Saudi Stuns Rest Of OPEC
With Increased Output Plan
By Michael Georgy
LONDON (Reuters) - Stunned OPEC producers were left groping in the dark on Tuesday after a shock Saudi announcement that the kingdom was preparing to boost oil output.
Just 10 days after an OPEC pact to raise output for the second time this year, the world's biggest oil exporter suddenly vowed to unleash more barrels to send oil toward the cartel's $25 target.
Saudi Oil Minister Ali al-Naimi late on Monday announced through the official Saudi Press Agency that the kingdom would spearhead an increase of 500,000 barrels a day if high prices did not ease in the next few days.
An OPEC source said Saudi Arabia -- OPEC's biggest producers and holder of vast spare output capacity -- was prepared to act alone if other producers did not have the oil muscle to deliver fresh supplies.
Saudi Arabia holds most of OPEC's spare capacity. Kuwait and the United Arab Emirates are the only other cartel producers that can currently resort to spare capacity but their capabilities pale in comparison to the kingdom's.
All fellow OPEC states could do when waking up to news of the Saudi statement on Tuesday was wait for the dust to settle.
Iran, OPEC's second largest producer, refused to even acknowledge the official Saudi statement, saying reports of a possible unilateral output hike were ``not true'' and ``news hype.''
An Iranian oil ministry source, quoted by the official Iranian news agency, said that OPEC members who agreed to a production hike in a June 21 meeting had pledged to work together of future output policy.
``When an OPEC production increase has been legally determined, there is no reason to violate agreements and succumb to lawlessness and act unilaterally,'' the ministry source said.
Saudi Arabia had made abundantly clear in recent weeks that it wanted to cut $5 a barrel from prices now at $30.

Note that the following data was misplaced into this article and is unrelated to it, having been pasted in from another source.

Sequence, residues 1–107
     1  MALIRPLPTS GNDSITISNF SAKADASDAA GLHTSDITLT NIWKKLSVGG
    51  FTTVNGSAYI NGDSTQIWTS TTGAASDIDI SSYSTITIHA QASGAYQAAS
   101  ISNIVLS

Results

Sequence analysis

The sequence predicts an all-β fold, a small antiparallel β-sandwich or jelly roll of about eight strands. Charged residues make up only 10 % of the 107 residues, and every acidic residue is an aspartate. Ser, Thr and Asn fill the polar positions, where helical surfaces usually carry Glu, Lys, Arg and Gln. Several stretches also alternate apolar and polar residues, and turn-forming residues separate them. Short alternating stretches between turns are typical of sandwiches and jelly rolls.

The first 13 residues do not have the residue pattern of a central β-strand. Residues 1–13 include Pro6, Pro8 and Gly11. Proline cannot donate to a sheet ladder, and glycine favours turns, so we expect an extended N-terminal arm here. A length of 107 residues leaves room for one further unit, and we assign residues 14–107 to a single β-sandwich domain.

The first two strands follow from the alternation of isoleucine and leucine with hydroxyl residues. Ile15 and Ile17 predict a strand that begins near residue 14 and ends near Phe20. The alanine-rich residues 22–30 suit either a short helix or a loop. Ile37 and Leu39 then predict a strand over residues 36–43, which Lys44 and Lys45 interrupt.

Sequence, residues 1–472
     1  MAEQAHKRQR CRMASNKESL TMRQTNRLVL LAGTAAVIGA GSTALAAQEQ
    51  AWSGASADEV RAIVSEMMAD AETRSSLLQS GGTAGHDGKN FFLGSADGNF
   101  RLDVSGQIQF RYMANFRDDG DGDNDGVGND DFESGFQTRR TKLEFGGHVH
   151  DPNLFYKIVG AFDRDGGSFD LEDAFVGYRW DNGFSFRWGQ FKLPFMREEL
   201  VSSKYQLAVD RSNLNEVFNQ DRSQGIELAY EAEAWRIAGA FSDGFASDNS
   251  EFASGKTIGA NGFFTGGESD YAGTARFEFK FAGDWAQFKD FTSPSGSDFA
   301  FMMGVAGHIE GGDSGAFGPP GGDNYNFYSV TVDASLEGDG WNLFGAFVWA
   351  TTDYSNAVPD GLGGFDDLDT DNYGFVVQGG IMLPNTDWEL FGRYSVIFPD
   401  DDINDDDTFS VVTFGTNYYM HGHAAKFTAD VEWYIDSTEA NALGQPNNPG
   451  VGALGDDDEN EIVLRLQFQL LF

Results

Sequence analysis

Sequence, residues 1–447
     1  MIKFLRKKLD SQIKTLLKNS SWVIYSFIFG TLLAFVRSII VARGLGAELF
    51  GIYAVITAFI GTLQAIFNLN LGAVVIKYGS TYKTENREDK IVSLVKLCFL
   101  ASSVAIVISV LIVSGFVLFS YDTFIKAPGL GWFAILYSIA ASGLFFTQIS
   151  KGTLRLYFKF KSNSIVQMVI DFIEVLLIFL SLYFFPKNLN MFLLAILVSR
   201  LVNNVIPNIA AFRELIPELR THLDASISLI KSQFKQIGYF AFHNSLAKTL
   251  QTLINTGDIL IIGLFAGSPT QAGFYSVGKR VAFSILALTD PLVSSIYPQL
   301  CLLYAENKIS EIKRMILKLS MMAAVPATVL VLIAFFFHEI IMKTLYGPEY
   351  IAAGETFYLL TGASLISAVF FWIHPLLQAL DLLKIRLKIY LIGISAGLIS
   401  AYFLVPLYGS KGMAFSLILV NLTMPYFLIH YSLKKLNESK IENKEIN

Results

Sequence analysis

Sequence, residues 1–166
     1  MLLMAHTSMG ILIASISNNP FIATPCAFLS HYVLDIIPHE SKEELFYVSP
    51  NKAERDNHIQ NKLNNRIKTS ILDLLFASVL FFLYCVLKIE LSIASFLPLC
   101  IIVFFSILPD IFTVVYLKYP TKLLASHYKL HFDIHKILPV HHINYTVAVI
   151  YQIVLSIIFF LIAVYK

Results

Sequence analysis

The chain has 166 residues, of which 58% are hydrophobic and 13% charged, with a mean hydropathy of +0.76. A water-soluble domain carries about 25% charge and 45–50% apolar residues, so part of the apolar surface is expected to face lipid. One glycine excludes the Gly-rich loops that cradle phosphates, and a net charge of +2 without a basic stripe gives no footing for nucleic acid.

But its new initiative was kept under wraps, even over the weekend when Saudi Crown Prince Abdullah and Kuwait's Emir Sheikh Jaber al-Ahmad al-Sabah sealed a border deal and later performed a traditional Gulf Arab sword dance to celebrate the agreement between the close regional allies.
``I have no knowledge about this issue,'' said Kuwait's Oil Minister Sheikh Saud Nasser al-Sabah on Tuesday morning.
``We work with the OPEC consensus...This requires consultations with other producing countries,'' added the Kuwaiti minister, who met with Naimi during the weekend festivities in Kuwait.
OPEC's Venezuelan President, Ali Rodriguez, said he had no knowledge of the Saudi plan.
Some In Opec Applaud Saudi Move
Privately however, senior delegates from some member nations applauded the Saudi move.
``The market needed a clear signal that stocks would be replenished,'' said a delegate from an Arab OPEC member nation.
``We think it is a very good thing as high prices were not good for us. But we do hope and expect that when prices fall toward $25 the Saudis will quickly withdraw their 500,000 barrels,'' he added.
The Saudi decision also stirred emotion in Iraq, even though the country has no official OPEC allocation because of U.N. sanctions imposed for its 1990 invasion of Kuwait.
Baghdad condemned the Saudi move, saying no country should violate consensus within OPEC.
Non-OPEC Mexico was the one key producer not surprised by the Saudi move. An ally in managing the market in recent years, officials in Mexico say it was approached about lifting output but has made no decision yet.
It was clear later on Tuesday that Naimi was working the telephones to assure several OPEC ministers Saudi Arabia would continue working within OPEC on oil matters.
``Mr. Naimi assured me in a telephone conversation he had with me today that Saudi Arabia will continue to act within OPEC frameworks and will not move outside them,'' Iranian Oil Minister Bijan Zanganeh told reporters.

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